We must help our students avoid racking up so much school debt. Many students come to my office feeling scared and hopeless, begging me to help them with their mountain of debt, because they have graduated without finding a job or are working at such low-paying jobs that they are unable to make payments.
Let’s call them “students in need.” Their families are unable to financially assist them, forcing them to borrow unbearable amounts in student loans.
For instance, several students who had attended a for-profit school came to me for help. They had been told a few months before graduation that they would not, in fact, be graduating. They were left with more than $100,000 in debt and no prospect of employment in the field they had so diligently studied for. Another student was unable to pass the bar exam despite several attempts, leaving $150,000 of debt and no prospect of a profession producing a commensurate income.
Furthermore, student loans are never dischargeable in bankruptcy except in cases of severe physical hardship. This is abusive.
Our country has done more to help our failing big businesses, big banks and defaulting homeowners than we have done for young people who don’t understand the significant financial ramifications of borrowing for their college tuition.
Let’s review the facts. As of 2013, a student who chose to attend four years in the University of Minnesota undergraduate program would pay $101,496 ($25,374 per year) for tuition, fees, books, personal miscellaneous expenses, and room and board. Add another three years of law school at $176,338 for a total of $277,834 over seven years.
This is like a mortgage without a house.
If this student amortized a $277,834 debt over 25 years at 6.5 percent interest, the monthly payment would be $1,875 — $22,500 annually. Many new graduates are not making the income that would allow them to pay such student loans back, forcing many to use income-based repayment options or chronic deferment, causing interest to accrue exponentially.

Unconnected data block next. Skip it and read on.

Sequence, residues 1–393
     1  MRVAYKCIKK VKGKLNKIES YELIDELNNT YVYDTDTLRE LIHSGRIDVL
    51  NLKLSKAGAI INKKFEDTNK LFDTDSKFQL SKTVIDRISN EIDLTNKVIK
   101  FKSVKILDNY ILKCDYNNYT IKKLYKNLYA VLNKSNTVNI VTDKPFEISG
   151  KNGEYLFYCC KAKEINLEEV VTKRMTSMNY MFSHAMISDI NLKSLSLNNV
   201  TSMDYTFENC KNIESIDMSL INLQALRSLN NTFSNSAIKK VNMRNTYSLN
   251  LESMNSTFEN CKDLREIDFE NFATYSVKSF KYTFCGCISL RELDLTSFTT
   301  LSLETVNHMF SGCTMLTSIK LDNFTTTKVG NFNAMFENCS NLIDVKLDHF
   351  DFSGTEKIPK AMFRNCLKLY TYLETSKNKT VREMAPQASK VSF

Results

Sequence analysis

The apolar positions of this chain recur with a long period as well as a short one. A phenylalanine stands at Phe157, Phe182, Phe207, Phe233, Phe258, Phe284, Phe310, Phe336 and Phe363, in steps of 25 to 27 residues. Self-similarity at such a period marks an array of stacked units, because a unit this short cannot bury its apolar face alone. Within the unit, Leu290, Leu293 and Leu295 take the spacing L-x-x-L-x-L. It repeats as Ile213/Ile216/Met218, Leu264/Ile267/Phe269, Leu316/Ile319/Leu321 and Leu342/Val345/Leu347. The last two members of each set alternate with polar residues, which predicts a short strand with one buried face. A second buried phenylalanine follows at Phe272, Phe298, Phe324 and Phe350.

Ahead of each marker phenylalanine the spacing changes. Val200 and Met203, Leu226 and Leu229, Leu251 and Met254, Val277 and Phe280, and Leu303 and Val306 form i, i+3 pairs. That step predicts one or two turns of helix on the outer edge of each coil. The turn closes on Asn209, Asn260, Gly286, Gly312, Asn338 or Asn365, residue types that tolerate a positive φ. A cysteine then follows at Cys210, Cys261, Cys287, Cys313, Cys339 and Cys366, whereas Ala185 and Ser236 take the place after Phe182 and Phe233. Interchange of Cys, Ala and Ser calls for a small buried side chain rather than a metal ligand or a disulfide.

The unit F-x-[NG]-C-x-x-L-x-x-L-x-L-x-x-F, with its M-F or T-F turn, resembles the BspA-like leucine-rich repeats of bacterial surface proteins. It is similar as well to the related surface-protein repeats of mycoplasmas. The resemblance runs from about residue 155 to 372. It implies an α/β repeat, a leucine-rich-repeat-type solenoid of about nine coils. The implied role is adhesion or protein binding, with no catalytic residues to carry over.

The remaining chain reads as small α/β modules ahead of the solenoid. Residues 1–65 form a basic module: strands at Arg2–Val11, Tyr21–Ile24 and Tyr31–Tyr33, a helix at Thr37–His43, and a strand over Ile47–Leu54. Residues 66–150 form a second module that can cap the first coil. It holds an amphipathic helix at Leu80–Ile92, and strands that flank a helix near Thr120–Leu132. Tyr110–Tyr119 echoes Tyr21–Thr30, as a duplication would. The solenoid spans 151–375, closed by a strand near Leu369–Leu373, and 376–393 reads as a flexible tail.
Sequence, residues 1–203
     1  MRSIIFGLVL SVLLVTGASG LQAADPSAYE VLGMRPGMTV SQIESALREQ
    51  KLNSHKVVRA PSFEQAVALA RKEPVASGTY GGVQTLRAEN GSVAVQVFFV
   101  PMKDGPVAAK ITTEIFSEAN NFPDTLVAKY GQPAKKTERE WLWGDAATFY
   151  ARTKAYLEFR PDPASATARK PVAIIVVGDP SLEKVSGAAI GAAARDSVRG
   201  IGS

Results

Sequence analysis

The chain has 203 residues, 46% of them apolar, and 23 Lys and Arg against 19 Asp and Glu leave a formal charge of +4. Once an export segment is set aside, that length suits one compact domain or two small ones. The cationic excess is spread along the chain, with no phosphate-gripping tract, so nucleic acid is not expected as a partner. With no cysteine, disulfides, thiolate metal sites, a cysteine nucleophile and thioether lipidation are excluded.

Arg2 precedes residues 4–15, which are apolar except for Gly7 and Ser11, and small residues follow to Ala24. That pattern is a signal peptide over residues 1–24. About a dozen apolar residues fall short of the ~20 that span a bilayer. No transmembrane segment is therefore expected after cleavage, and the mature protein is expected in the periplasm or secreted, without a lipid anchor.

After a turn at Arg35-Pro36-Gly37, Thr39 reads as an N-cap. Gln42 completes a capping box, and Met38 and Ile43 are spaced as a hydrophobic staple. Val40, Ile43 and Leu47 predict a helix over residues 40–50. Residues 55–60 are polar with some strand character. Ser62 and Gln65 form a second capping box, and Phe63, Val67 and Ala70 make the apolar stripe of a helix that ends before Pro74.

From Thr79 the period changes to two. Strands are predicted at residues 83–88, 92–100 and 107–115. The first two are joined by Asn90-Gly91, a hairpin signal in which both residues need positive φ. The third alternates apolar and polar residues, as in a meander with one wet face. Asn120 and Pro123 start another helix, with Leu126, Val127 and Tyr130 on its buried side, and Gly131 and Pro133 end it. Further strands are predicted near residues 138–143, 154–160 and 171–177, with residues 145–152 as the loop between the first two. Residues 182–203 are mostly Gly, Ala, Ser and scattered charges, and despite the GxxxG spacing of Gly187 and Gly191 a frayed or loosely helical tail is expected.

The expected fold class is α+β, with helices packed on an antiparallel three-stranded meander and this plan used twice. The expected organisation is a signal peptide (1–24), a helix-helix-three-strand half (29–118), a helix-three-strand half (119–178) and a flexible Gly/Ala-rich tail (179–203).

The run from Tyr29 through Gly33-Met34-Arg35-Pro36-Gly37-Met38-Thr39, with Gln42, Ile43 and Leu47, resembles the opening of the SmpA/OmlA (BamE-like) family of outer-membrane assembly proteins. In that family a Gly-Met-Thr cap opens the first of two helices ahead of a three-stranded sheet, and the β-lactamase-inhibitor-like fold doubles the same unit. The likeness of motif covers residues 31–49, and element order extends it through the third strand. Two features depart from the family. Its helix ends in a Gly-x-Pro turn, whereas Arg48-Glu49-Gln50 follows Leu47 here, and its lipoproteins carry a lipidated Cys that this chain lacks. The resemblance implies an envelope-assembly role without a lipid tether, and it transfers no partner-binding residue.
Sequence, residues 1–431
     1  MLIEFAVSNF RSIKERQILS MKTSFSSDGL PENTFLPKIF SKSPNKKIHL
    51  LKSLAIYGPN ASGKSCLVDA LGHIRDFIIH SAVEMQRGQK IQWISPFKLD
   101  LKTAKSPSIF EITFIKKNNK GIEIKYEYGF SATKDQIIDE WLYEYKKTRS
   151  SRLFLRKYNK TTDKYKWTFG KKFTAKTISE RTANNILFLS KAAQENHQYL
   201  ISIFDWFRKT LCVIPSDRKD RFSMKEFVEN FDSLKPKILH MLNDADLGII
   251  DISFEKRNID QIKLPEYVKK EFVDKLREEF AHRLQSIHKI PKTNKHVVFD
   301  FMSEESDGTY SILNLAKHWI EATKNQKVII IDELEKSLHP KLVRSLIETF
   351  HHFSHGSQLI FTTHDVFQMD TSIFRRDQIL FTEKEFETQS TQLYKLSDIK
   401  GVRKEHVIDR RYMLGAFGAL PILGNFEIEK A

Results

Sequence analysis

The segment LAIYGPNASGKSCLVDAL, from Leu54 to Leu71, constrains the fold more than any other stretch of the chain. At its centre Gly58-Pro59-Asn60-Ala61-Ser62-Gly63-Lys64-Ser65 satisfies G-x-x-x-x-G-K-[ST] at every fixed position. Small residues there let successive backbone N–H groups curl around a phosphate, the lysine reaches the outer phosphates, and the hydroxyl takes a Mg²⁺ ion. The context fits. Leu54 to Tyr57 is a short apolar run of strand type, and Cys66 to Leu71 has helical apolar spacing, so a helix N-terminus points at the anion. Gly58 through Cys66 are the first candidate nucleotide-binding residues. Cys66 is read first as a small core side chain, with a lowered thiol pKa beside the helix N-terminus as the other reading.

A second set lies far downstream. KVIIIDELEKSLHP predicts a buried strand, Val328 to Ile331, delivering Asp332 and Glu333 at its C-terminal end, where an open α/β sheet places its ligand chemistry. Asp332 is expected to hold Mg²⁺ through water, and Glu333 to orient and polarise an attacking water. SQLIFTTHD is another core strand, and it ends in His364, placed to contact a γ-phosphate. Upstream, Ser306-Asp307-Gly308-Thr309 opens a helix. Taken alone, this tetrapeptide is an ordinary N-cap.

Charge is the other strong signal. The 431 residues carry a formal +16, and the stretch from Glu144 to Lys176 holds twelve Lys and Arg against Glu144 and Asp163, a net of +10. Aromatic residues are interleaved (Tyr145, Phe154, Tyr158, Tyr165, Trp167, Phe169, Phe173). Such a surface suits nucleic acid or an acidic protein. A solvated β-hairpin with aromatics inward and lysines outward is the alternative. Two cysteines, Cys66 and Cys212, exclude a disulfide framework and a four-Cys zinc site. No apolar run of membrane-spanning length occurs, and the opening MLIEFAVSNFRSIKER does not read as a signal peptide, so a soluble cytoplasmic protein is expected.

Compare home mortgages to student loans. Current interest rates for 30-year home mortgages are fixed at around 4 percent and 15-year mortgages at around 3.3 percent. Federal student loans vary from 4.66 to 8 percent, and private bank student loans can charge up to 15.74 percent.
But, unlike with student loans, before the home buyer commits, the loan agency must submit an amortization schedule to inform borrowers of the principal and interest rate so they know exactly how much they will pay back each month. Unfortunately, the full amortization of a student loan is usually not provided to students until they are ready to graduate.
There are simple policy changes we should implement that would result in more financial accountability for colleges and universities and more informed choices for students and their families:
• First, interest charged on federal student debt should be set at the same rate charged to banks.
• Second, require a Truth in College Lending statement to accompany each loan, providing an amortization of the cost of the loan as it grows each semester and a projection of the final debt.
• Third, inform co-signers of the potential consequences of that obligation. For example, if the student defaults on the loan, the lender has the right to take payments out of the co-signer’s Social Security income until the debt is paid off.
• Fourth, inform the student of the fields best suited to pay back the loan and the number of graduates with jobs in that field along with their rate of pay.
• Fifth, encourage schools to provide more “no frills” education (low-cost classes and no program fees) like the online classes offered by Arizona State University.
• Sixth, provide our debt-burdened students access to bankruptcy protection programs.
We must end this predatory lending practice, or tuition debt will be the next financial tsunami. Too many of our graduates are already unable to buy homes, raise families and contribute to strengthening our economy.
Priscilla Lord is managing partner of Lord and Associates, has served for several years on the University of Minnesota Athletic Advisory Committee and has represented students with loan debt.